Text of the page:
Prevalence of hepatic steatosis and fibrosis in Turner syndrome: A prospective case–control study

Patrick Twohig, Ling Li, David Alan Danford, Mary Craft, Anji T. Yetman

Research output: Contribution to journalArticlepeer-review

Abstract

Background and Aims: Abnormal liver chemistries are common in Turner syndrome (TS). Guidelines suggest that TS patients undergo annual screening of liver enzymes, but the role of non-invasive screening for steatosis and fibrosis is not clearly defined. We compared the prevalence of hepatic steatosis and fibrosis among TS patients to healthy controls using ultrasound with shear-wave elastography (SWE) and assessed for risk factors associated with steatosis and fibrosis in TS. Methods: Prospective case–control study of TS versus control patients from 2019 to 2021. All patients underwent abdominal ultrasound with doppler and SWE to assess hepatic fibrosis and steatosis. Risk factors were compared between TS and controls, as well as within the TS group. Results: A total of 55 TS and 50 control patients were included. Mean age was 23.6 years vs. 24.6 years in the control group (p =.75). TS patients had significantly more steatosis (65% vs. 12%, stage 1 vs. 0, p <.0001) and fibrosis (39% vs. 2%, average Metavir F2 vs. F0, p <.00001) than controls. These findings remained significant after adjusting for body mass index (BMI) (p <.01). GGT is more sensitive than AST or ALT in identifying these changes. Conclusion: TS is associated with an increased prevalence of hepatic steatosis and fibrosis compared to healthy controls. Our findings suggest that serum GGT and ultrasound with SWE may help identify TS patients with liver disease. Early risk factor mitigation including timely oestrogen replacement, weight control, normalization of lipids and promoting multidisciplinary collaboration should be encouraged.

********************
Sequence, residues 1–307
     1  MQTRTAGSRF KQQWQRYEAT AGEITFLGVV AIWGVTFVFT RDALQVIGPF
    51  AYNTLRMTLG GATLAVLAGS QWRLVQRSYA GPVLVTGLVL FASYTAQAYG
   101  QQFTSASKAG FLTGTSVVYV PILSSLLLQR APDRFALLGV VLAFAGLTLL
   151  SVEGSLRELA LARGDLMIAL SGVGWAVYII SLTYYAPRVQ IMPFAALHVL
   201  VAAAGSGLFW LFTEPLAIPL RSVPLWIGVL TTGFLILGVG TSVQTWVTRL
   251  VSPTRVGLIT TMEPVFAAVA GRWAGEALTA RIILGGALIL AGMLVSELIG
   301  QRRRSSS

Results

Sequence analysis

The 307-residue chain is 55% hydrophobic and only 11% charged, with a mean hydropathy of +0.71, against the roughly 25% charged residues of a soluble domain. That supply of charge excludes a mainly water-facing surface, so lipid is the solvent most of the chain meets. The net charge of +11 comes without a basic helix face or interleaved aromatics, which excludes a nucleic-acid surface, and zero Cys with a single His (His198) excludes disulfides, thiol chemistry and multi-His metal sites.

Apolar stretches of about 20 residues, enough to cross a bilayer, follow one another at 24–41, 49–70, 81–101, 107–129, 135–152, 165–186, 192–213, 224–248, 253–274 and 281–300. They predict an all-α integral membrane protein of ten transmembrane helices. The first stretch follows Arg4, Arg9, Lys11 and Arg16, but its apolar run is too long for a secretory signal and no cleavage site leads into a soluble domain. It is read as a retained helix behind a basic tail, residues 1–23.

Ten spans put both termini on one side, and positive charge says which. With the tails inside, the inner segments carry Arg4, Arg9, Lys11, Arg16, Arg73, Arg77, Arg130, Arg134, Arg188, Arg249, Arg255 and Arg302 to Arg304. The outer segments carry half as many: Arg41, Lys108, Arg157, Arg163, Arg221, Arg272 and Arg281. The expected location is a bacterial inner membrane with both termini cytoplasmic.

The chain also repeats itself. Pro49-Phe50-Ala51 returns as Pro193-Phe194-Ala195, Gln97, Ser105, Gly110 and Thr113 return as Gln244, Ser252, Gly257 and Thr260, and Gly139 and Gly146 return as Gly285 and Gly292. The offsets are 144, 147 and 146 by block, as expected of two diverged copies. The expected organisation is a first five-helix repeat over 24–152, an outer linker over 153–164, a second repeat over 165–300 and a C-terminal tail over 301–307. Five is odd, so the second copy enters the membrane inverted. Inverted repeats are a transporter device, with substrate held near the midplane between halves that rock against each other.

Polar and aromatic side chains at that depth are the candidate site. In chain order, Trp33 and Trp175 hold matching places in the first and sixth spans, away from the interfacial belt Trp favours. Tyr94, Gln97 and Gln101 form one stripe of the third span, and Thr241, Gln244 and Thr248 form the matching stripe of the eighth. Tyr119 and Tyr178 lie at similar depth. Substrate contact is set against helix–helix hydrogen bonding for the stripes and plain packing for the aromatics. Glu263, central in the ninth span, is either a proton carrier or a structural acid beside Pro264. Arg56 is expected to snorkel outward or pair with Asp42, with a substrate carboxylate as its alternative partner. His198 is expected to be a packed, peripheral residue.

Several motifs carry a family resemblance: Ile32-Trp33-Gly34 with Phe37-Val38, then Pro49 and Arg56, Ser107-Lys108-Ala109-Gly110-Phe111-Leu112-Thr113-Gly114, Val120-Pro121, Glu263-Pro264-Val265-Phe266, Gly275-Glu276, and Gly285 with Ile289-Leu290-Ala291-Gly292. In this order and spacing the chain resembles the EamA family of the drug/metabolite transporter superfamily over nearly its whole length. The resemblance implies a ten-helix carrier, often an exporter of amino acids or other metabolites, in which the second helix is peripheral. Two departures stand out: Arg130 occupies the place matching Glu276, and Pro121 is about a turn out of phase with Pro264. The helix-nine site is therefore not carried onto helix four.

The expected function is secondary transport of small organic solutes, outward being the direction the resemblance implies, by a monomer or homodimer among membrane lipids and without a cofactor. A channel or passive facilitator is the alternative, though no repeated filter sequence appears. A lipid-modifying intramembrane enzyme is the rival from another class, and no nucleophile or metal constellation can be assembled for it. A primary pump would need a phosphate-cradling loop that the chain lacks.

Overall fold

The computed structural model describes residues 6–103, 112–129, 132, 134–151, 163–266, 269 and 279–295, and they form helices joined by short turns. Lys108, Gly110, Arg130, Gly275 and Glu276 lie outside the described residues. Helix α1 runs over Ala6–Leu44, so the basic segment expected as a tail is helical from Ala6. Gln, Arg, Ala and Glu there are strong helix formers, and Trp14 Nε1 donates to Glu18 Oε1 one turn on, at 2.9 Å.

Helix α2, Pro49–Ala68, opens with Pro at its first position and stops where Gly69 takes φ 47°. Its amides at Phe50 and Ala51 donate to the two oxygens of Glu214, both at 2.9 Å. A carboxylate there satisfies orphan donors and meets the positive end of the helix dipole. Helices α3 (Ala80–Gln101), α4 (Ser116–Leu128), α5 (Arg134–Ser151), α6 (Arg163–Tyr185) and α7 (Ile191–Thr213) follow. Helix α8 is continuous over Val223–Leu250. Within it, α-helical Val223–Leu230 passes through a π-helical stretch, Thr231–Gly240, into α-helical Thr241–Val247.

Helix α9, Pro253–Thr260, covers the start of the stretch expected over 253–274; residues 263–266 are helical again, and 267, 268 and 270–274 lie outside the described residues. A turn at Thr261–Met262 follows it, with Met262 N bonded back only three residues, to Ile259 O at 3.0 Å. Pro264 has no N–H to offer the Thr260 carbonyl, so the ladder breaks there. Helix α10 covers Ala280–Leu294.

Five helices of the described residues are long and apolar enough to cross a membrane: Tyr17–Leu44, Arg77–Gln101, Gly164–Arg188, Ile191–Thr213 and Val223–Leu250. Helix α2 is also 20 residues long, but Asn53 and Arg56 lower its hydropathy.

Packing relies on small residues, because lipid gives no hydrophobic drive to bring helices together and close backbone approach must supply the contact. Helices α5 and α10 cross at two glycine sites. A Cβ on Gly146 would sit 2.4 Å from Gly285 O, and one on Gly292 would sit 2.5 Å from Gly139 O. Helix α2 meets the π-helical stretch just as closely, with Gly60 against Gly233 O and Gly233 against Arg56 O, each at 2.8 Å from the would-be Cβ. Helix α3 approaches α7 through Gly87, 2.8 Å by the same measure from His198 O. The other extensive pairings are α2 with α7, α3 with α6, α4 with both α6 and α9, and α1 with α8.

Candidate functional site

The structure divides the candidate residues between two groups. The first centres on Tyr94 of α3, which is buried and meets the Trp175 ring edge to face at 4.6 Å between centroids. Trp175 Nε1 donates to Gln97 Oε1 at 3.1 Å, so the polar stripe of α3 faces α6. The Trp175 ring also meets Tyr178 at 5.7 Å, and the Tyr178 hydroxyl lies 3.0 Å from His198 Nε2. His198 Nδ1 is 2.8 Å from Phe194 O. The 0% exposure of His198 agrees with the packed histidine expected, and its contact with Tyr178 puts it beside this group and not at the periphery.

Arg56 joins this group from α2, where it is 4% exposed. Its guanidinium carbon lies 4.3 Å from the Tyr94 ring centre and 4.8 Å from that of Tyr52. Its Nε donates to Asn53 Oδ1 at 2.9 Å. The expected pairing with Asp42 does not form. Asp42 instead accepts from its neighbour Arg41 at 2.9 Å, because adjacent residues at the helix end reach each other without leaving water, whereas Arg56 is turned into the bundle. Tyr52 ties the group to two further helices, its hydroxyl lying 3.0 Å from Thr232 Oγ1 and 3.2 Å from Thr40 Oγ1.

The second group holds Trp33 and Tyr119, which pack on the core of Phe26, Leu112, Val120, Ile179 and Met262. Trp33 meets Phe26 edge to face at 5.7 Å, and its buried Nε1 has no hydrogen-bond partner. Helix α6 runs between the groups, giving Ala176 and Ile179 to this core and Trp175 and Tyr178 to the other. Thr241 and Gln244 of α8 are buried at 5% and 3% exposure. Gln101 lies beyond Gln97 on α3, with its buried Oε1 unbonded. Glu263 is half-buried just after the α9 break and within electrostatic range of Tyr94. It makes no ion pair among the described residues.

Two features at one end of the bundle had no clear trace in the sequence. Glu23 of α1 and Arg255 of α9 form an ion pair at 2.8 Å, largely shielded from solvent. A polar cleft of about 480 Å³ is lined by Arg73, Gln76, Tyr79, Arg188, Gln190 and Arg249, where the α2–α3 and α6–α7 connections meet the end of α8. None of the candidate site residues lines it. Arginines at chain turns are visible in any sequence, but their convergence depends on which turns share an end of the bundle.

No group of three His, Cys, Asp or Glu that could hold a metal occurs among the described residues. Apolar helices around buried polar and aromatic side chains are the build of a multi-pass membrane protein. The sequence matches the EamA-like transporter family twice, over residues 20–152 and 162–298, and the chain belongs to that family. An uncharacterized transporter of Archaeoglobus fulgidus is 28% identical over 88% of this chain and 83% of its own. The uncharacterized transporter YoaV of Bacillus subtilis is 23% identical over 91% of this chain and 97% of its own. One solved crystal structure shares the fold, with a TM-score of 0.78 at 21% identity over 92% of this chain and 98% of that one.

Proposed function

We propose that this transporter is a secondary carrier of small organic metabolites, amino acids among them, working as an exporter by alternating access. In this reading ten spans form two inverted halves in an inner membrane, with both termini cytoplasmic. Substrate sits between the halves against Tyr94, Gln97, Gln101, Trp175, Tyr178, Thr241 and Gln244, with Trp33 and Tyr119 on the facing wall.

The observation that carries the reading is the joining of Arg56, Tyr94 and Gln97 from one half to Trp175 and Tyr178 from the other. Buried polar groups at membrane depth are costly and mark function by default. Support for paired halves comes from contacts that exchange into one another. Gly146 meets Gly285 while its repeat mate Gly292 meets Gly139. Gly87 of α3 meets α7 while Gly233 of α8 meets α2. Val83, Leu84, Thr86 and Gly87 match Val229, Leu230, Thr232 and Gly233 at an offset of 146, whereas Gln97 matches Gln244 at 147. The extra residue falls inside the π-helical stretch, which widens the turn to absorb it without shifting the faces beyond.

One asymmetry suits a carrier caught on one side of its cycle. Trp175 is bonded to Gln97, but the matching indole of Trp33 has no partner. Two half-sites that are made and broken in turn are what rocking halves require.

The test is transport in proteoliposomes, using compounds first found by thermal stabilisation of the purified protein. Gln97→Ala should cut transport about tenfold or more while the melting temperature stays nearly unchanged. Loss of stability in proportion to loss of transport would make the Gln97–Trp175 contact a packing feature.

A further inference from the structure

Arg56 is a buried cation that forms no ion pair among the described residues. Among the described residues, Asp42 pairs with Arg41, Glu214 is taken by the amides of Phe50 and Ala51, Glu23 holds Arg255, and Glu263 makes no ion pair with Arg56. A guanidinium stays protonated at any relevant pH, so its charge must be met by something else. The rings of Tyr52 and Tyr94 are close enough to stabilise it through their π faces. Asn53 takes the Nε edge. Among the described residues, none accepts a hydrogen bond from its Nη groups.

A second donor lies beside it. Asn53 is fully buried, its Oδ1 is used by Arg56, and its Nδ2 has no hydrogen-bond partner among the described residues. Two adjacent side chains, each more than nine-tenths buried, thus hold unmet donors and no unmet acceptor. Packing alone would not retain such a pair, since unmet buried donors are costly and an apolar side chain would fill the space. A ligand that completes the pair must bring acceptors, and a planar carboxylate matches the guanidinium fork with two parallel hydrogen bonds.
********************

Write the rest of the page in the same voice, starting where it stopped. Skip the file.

Original languageEnglish (US)
JournalLiver International
DOIs
StateAccepted/In press - 2024

Keywords

  • liver fibrosis
  • paediatric
  • prospective
  • steatotic liver disease
  • Turner syndrome

ASJC Scopus subject areas

  • Hepatology

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